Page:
Wreath laying ceremony to remember WW1 Indian soldiers
A wreath laying ceremony is being held at the India Gate at the Royal Pavilion in Brighton on Sunday October 19 to commemorate Indian soldiers who were treated at hospitals in the city during World War One.
The Indian High Commissioner, HE Mr Ranjan Mathai; the Mayor of Brighton & Hove, Cllr Brian Fitch; and Davinder Dhillon, chairman of the Chattri Memorial group; will be among those taking part in event, which takes place at 2pm and is open to all.
The ceremony is being organised by Brighton & Hove City Council, in conjunction with The Chattri Memorial Group and Brighton & Hove Black History, as part of the city's World War One commemorations.
During World War One a number of buildings in the city, including the Royal Pavilion, The Dome and the Corn Exchange, were converted into military hospitals to care for Indian soldiers wounded fighting on the western front. The India Gate, at the entrance to the Royal Pavilion in Pavilion Gardens, was a gift from India to commemorate soldiers tended in the Pavilion and was unveiled by the Maharaja of Patiala in October 1921.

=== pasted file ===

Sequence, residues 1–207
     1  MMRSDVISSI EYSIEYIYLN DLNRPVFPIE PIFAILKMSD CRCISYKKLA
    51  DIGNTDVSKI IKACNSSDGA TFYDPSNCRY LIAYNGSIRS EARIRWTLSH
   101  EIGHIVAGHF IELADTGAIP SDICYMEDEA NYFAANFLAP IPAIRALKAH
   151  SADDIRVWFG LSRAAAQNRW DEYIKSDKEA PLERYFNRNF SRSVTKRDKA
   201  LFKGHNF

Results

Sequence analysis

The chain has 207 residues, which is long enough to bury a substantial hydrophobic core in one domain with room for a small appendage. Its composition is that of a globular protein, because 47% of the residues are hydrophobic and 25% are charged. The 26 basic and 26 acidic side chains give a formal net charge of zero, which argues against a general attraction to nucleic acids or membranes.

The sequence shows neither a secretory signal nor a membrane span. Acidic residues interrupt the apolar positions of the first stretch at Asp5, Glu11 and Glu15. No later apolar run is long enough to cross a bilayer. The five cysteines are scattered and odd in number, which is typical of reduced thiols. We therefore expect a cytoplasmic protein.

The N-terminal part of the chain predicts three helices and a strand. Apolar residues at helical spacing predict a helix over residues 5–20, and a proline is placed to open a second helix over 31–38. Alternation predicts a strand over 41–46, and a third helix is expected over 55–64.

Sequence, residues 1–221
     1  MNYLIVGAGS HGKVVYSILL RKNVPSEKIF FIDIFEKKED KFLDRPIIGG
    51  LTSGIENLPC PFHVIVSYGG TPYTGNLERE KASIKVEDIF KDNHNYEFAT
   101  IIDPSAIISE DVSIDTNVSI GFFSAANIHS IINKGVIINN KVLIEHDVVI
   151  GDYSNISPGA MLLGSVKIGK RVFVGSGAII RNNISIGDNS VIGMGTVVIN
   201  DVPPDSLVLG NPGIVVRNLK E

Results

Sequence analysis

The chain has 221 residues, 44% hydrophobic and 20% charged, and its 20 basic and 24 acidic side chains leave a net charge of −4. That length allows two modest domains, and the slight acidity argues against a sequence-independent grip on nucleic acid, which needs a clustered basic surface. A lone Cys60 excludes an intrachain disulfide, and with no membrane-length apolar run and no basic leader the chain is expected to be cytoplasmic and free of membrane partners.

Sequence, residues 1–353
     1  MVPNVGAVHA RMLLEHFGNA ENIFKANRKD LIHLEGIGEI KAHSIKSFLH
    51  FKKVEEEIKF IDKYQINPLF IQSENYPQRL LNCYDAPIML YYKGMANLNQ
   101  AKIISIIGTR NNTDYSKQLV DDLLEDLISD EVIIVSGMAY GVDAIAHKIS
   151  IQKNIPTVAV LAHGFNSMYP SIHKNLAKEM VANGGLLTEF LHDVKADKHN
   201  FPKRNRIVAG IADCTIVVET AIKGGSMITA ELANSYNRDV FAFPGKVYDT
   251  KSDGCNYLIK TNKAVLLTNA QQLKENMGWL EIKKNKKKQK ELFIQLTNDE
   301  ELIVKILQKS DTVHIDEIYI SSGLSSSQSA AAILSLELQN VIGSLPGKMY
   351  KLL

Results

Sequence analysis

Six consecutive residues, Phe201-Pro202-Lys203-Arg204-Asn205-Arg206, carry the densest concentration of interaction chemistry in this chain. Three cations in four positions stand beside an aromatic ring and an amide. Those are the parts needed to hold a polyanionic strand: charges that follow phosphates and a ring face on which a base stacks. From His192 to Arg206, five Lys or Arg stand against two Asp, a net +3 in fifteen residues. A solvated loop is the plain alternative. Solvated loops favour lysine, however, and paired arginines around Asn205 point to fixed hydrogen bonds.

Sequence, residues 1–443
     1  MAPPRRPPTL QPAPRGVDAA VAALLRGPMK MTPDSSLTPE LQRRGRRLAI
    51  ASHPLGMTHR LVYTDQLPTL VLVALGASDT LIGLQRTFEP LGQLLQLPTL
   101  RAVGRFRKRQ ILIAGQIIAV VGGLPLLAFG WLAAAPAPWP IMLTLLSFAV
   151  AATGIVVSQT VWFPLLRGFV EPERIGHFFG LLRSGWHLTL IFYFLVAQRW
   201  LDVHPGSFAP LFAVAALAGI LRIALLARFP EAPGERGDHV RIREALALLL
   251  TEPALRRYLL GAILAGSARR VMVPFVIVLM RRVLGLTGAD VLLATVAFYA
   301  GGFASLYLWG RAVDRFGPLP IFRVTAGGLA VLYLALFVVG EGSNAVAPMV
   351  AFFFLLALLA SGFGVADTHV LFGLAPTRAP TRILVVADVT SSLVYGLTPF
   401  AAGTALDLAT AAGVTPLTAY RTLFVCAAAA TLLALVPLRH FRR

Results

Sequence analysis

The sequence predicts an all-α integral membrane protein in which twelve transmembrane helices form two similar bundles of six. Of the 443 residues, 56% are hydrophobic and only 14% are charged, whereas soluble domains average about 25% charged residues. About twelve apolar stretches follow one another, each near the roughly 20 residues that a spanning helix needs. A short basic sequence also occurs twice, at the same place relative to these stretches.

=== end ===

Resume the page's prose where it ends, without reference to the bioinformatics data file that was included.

A gallery at the Royal Pavilion recounts the story of the Indian Military Hospital through archive photographs, letters and film and the Chattri Memorial on the Downs north of Patcham honour those Indian soldiers who died (See notes to editors for more information).
Councillor Fitch said: "The city played an important role as 'Dr Brighton' during World War One and thousands of Indian soldiers were brought here to recover by the sea.
"The wreath laying at the Royal Pavilion's India Gate is a fitting way to honour their memory and the contribution they made in the war, fighting so far away from home."
Find out more about World War One commemorations in the city, including the War Stories: Voices from the First World War exhibition which continues at Brighton Museum and Art Gallery until March next year.